Troy COACHMAN, Plaintiff-Appellee, v. SEATTLE AUTO MANAGEMENT, INC., dba Mercedes Benz of Seattle; Al Monjazeb, Defendants-Appellants.
Decided: December 11, 2019
Before: GOULD and NGUYEN, Circuit Judges, and PRESNELL,* District Judge.
Jamal N. Whitehead, Attorney, Schroeter Goldmark & Bender, Seattle, WA, Beth Bloom, Bloom Law PLLC, Seattle, WA, Sidney Charlotte Tribe, Attorney, Carney Badley Spellman, P.S., Seattle, WA, for Plaintiff - Appellee Howard Mark Goodfriend, Attorney, Smith Goodfriend, PS, Seattle, WA, Catherine Smith, Attorney, Edwards Sieh Smith & Goodfriend, PS,. Seattle, WA, Sheryl J. Willert, Jeffery Mark Wells, Attorneys, Williams Kastner & Gibbs PLLC, Seattle, WA, for Defendants - Appellants
Seattle Auto Management, Inc. and Al Monjazeb appeal the district court’s denial of their Rule 59 Motion for remittitur or new trial. We have jurisdiction pursuant to 28 U.S.C. § 1291. We affirm.
The appellants first argue that the appellee’s closing argument violated the court’s in limine ruling with respect to the appellant’s financial condition. Because the appellants failed to object at trial to the alleged misconduct, reversal is improper unless there was “plain or fundamental” error. Settlegoode v. Portland Pub. Sch., 371 F.3d 503, 517 (9th Cir. 2004). “Plain error review requires: (1) an error; (2) that the error be plain or obvious; (3) that the error have been prejudicial or affect substantial rights; and (4) that review be necessary to prevent a miscarriage of justice.” Id. While making the closing argument at issue, counsel used Coachman’s value to the appellants as an analog for his personal loss. While that comparison may have been inapt, there is no indication that it was prejudicial or affected substantial rights. The district court did not commit plain or fundamental error in denying the motion for a new trial.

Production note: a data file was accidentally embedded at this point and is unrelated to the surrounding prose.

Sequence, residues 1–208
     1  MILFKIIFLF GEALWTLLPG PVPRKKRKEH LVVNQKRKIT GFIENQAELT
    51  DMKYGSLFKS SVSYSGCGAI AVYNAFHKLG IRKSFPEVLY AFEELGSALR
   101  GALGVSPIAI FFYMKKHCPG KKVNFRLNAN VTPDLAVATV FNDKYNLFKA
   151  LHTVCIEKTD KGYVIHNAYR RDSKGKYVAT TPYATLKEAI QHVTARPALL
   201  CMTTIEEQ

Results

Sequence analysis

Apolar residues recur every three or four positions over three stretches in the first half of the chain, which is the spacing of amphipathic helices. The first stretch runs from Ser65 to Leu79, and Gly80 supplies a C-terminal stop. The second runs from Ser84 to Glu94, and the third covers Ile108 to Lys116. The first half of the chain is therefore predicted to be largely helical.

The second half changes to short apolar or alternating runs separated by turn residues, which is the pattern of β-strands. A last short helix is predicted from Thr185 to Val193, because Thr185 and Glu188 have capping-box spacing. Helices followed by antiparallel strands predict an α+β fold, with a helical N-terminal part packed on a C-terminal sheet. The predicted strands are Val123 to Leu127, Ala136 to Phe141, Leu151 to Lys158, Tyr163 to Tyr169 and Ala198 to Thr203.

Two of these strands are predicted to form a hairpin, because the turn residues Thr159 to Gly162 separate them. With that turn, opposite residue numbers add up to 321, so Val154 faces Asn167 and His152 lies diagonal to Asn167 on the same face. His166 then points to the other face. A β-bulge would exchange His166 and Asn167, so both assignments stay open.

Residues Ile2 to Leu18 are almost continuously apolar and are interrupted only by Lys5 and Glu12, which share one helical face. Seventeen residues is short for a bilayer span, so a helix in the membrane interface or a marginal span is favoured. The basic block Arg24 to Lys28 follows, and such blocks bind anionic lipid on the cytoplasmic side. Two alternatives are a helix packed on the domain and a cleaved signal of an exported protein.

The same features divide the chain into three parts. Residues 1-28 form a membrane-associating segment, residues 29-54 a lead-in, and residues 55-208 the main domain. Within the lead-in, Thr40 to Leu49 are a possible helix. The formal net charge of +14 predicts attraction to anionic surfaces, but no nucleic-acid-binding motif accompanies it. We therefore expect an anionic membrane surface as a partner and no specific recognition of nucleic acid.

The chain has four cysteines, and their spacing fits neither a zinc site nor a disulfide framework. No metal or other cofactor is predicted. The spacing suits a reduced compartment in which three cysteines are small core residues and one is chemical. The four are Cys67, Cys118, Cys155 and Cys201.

The appellants also argue that the ratio between the noneconomic and economic compensatory damages renders $4,697,248 in noneconomic damages excessive. However, Washington law does not limit compensatory damages based on the ratio between economic and noneconomic damages. Indeed, we will not disturb the jury’s verdict “unless it is outside the range of substantial evidence in the record, or shocks the conscience of the court, or appears to have been arrived at as the result of passion or prejudice.” Bunch v. King Cty. Dep’t of Youth Servs., 155 Wash.2d 165, 116 P.3d 381, 389 (2005) (quoting Bingaman v. Grays Harbor Cmty. Hosp., 103 Wash.2d 831, 699 P.2d 1230, 1233 (1985)). The appellants chose not to address damages during their closing argument, and there is support in the record for the size of the damages award; we find no persuasive reason to disturb the jury’s verdict.
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